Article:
September 28, 2021

Research Paper: "Tweeting is Believing? Understanding Microblog Credibility Perceptions"

Title
Tweeting is Believing? Understanding Microblog Credibility Perceptions

Authors
Meredith Ringel Morris, Scott Counts, Aaron Hoff, Asta Roseway, and Julia Schwarz

Source
Microsoft Research Tech Report
This paper will be presented at CSCW 2012 later this month.

Abstract

Twitter is now used to distribute substantive content such as breaking news, increasing the importance of assessing the credibility of tweets. As users increasingly access tweets through search, they have less information on which to base credibility judgments as compared to consuming content from direct social network connections. We present survey results regarding users’ perceptions of tweet credibility. We find a disparity between features users consider relevant to credibility assessment and those currently revealed by search engines. We then conducted two experiments in which we systematically manipulated several features of tweets to assess their impact on credibility ratings. We show that users are poor judges of truthfulness based on content alone, and instead are influenced by heuristics such as user name when making credibility assessments. Based on these findings, we discuss strategies tweet authors can use to enhance their credibility with readers (and strategies astute readers should be aware of!). We propose design improvements for displaying social search results so as to better convey credibility.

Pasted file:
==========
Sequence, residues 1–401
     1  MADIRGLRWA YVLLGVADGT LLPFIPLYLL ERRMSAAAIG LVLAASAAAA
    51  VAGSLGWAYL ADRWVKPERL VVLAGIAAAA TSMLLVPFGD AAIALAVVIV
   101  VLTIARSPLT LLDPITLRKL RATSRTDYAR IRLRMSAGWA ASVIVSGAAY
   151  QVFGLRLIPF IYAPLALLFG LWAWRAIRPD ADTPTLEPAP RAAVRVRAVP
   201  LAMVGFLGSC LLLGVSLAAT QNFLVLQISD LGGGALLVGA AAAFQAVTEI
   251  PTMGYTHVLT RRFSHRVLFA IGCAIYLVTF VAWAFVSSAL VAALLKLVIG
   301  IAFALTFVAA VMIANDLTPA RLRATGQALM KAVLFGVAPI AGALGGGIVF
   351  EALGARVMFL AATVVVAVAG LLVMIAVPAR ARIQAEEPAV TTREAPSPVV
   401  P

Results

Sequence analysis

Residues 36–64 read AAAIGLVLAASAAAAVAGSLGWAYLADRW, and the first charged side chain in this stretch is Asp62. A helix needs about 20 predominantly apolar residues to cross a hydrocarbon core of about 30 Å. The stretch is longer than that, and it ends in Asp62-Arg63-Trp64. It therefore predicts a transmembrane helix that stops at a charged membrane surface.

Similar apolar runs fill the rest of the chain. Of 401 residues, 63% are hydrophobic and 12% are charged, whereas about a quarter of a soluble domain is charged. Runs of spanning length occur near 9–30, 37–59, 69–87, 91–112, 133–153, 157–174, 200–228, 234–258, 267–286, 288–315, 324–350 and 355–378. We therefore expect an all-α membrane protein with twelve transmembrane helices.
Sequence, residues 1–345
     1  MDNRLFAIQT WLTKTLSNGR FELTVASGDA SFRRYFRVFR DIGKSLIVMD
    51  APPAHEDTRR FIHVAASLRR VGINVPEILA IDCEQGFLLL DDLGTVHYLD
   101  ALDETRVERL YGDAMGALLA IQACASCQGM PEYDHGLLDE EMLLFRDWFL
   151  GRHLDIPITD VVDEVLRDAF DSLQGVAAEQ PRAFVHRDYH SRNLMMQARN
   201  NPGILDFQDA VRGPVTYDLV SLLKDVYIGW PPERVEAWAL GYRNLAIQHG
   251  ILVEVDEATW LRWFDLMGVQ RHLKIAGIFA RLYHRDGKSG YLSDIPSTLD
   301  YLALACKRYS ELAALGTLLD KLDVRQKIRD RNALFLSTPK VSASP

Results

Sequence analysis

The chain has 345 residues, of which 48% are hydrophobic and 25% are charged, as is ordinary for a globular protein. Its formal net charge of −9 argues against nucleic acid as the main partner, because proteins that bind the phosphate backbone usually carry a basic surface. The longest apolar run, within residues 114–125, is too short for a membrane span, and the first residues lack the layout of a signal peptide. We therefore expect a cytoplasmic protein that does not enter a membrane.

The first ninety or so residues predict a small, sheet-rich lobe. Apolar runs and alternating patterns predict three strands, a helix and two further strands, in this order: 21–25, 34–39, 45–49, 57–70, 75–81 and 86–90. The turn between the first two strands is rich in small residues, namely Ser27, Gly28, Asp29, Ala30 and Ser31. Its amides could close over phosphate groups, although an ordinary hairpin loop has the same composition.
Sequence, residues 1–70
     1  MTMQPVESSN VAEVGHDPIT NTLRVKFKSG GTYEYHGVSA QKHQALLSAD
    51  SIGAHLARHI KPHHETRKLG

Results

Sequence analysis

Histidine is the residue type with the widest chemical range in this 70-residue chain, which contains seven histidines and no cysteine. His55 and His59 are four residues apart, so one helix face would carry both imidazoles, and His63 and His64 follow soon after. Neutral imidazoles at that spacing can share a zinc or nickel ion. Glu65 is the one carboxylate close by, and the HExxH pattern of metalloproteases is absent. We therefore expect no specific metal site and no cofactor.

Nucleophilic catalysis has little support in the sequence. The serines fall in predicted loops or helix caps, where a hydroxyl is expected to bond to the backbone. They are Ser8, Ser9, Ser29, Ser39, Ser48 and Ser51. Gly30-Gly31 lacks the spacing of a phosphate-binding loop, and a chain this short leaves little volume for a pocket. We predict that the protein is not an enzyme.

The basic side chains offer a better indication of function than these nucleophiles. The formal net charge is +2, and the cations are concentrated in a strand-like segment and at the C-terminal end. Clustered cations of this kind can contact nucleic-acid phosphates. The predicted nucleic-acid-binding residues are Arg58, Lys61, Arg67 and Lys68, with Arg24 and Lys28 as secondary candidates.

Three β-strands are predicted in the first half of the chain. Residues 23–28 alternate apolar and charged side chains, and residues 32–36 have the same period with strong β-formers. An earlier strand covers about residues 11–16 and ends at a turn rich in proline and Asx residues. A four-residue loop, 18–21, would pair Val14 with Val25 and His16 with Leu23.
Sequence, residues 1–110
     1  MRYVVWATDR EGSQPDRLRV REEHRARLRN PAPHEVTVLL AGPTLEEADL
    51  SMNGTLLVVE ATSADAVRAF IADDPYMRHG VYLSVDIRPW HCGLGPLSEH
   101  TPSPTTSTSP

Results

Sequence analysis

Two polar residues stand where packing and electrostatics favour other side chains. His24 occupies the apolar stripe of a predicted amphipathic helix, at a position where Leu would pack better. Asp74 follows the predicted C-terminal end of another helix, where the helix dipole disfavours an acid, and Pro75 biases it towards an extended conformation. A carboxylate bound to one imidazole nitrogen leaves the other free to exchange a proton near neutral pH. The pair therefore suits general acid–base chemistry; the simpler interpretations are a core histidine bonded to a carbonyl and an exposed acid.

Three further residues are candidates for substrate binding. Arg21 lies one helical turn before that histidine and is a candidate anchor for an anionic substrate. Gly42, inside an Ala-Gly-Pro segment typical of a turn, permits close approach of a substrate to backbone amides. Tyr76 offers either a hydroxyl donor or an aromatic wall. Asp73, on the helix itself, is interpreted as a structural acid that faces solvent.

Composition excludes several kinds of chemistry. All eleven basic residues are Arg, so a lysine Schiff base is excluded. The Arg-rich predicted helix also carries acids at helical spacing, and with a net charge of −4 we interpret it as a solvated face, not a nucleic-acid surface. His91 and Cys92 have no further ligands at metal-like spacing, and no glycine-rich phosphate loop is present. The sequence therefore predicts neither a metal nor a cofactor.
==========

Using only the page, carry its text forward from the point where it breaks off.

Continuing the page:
Direct to Full Text (10 pages; PDF)

About Gary Price

Gary Price (gprice@mediasourceinc.com) is a librarian, writer, consultant, and frequent conference speaker based in the Washington D.C. metro area. Before launching INFOdocket, Price and Shirl Kennedy were the founders and senior editors at ResourceShelf and DocuTicker for 10 years. From 2006-2009 he was Director of Online Information Services at Ask.com, and is currently a contributing editor at Search Engine Land.

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